(CNN) -- Ireland's friendly, helpful locals get high marks from visitors. Add dazzling scenery, rich history and a few hearty pints of stout, and you have a perfect trip to Ireland, according to a handful of iReporters.
iReporter Tim Lynch took this photo on the Dingle Peninsula.
The country's lush scenery is an obvious crowd-pleaser. Here, iReporters share some of the other elements that made their trips unforgettable.
"I think our best experience in Ireland was driving around (and getting lost in) the Irish countryside," wrote iReporter Elizabeth Avery, from Roscoe, Illinois. "The roads are narrow, not marked well (if they're marked at all) and sometimes filled with sheep (all the ingredients for a real adventure!)"
"The drive on the Dingle Peninsula was breathtaking and was the highlight of the trip," wrote Bill Demo of Ithaca, New York. "The coastline was stunning and the thought of the vertiginous drive over the mountain range that forms the backbone of the peninsula in a standard shift rental car on a road that wasn't much more than a cow path shall remain with me forever."
People and beer
"The greatest thing about Ireland would have to be the people," wrote iReporter Sudha Patel of Durham, North Carolina. "They're so genuine and friendly, and it certainly helps that they know how to pour the perfect pint of Guinness!"
Janie Dullard of La Mirada, California, was also impressed with the Irish. "One woman not only told us which was the correct bus route, but as we had to go into the store to buy Band-aids (too much hiking!), she came rushing in to the store to tell us that our bus had arrived!"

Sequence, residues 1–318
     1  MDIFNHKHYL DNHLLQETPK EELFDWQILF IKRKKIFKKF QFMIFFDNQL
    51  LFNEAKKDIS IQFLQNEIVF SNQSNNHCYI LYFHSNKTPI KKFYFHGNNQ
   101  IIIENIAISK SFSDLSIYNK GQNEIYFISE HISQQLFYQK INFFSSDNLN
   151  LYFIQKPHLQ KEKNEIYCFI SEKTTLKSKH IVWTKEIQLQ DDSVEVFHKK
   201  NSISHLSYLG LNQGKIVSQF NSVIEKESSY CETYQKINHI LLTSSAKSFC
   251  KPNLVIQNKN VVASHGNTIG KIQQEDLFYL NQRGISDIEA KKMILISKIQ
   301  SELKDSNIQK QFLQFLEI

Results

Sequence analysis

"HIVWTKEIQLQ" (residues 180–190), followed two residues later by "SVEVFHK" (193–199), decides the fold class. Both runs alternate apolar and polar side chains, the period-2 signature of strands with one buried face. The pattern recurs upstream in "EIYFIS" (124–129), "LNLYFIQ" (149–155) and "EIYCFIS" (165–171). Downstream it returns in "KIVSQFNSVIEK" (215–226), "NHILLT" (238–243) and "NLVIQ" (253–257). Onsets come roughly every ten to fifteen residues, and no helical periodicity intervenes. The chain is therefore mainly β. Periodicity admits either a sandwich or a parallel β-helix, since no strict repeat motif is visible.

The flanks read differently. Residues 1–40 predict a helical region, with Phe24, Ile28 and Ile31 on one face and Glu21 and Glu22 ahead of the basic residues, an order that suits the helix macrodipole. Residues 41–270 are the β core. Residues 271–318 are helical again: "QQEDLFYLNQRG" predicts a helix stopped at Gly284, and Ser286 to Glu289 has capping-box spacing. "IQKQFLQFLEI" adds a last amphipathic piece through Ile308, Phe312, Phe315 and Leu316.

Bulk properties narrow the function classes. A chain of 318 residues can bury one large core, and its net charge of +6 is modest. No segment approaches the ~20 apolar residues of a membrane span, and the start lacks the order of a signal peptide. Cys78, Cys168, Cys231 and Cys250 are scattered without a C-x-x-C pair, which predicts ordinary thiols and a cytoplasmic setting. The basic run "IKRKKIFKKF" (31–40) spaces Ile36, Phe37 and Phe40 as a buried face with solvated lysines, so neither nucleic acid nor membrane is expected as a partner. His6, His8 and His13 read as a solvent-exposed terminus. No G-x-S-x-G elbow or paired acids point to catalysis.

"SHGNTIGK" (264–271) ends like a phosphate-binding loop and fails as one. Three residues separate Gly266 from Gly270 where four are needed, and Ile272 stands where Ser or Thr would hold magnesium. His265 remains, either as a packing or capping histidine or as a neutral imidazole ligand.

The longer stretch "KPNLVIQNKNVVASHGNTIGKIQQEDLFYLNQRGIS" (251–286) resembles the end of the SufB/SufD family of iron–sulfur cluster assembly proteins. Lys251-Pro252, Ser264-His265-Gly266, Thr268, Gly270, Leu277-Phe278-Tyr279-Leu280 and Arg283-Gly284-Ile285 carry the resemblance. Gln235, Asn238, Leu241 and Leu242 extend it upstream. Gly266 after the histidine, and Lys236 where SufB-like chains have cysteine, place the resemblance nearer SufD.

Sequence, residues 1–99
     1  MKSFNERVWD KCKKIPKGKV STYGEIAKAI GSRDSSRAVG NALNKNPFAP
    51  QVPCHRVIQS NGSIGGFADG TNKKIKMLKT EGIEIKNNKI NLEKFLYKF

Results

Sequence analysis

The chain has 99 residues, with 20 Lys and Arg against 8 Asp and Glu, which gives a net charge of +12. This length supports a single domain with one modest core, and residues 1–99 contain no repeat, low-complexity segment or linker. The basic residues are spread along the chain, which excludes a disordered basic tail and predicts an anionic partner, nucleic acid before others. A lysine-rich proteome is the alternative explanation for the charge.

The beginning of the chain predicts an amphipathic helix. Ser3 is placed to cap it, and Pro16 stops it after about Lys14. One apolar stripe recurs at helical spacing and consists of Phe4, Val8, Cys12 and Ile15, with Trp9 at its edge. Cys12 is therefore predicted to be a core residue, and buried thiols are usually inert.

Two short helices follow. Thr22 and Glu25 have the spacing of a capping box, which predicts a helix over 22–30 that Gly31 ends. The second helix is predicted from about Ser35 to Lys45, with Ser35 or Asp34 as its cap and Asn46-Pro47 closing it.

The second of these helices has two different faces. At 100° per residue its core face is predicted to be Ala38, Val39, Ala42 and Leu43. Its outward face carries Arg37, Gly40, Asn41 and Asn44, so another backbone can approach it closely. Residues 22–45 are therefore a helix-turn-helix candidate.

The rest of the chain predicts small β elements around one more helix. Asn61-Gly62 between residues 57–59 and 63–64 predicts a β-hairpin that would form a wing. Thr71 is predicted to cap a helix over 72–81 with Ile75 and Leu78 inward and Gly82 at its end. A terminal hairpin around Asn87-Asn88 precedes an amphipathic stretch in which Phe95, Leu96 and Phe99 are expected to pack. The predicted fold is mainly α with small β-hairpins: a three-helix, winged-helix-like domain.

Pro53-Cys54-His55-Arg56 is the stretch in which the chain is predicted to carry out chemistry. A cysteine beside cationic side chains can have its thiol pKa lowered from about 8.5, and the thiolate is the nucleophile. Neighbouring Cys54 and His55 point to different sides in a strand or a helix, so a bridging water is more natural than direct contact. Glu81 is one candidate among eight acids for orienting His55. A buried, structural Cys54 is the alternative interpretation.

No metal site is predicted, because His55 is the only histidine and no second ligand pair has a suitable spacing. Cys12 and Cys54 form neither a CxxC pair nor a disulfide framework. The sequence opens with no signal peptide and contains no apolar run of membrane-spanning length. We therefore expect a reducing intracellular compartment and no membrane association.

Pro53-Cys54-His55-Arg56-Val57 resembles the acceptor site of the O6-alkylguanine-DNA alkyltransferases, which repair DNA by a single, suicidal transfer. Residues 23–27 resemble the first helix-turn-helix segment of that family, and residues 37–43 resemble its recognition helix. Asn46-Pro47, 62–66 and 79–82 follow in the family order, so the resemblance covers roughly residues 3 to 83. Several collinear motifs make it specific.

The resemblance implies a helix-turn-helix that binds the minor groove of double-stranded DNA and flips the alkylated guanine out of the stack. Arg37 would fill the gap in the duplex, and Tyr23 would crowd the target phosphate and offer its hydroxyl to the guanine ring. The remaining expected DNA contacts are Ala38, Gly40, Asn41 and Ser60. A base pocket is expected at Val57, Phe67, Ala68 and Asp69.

Cliffs of Moher
Located in County Clare, these dramatic cliffs on Ireland's western coast rise 214 meters above the Atlantic Ocean. "Pictures simply don't do that natural wonder justice," wrote Tim Lynch, stationed with the Air Force in Ramstein, Germany.
"My best experience in Ireland was taking a bus tour from Galway to the Cliffs of Moher," wrote Stephanie Pope of Baton Rouge, Louisiana. "I only wish that the weather would've allowed me to take more pictures that day."
Tombs at Newgrange and Knowth
The passage tombs at Newgrange and Knowth were built nearly 5,000 years ago by Neolithic farming communities. "The Megalithic Passage Tomb in Newgrange and how it was built to illuminate the chamber during the winter solstice was incredible," wrote Anne-Marie Moriarty of St. Louis, Missouri.
"We think we are so advanced now, but look at what they built over 5,000 years ago!" wrote Tracie Dux of Hawaii.
"[Belfast] was a beautiful, quaint yet bustling city that to me embodied a different side of Ireland than I expected to see and a different side of Europe as well," wrote Joseph Ryan Naffziger of Lutz, Florida.
"On a Black Taxi Tour I got to see the murals of both Protestant and Catholic neighborhoods as well as the International and Peace Walls," wrote Jillian Kruse of Wilmington, North Carolina. "We had both Catholic and Protestant guides who helped us to understand the conflict through their own experiences and views."
Madeleine Grace Hendrick of Charlottesville, Virginia, enjoyed a night of Irish music and dance at a pub in the town of Dingle. "The flute player played faster and faster, stamping out the beat, and the guitar matched it, punching the strings, banging the side of the guitar with his hand.
"Suddenly a man with a black T-shirt jumped up and started clogging. The bar was very crowded, but everyone pressed back to make a circle for him," she wrote. "It was the only time I felt like I saw something that wasn't completely charted out and toured to death."
St. Michan's Church, Dublin
The dry atmospheric conditions in the vault of this Dublin church have resulted in the mummification of the corpses. Jaclyn Kahn called touring the church "the most amazing thing" she's ever done. "We went on a tour and our zany tour guide brought us down to the crypts underneath the church.
"There we heard the history of the people buried down there, and then we got to shake hands with a 500-year-old mummy for good luck!"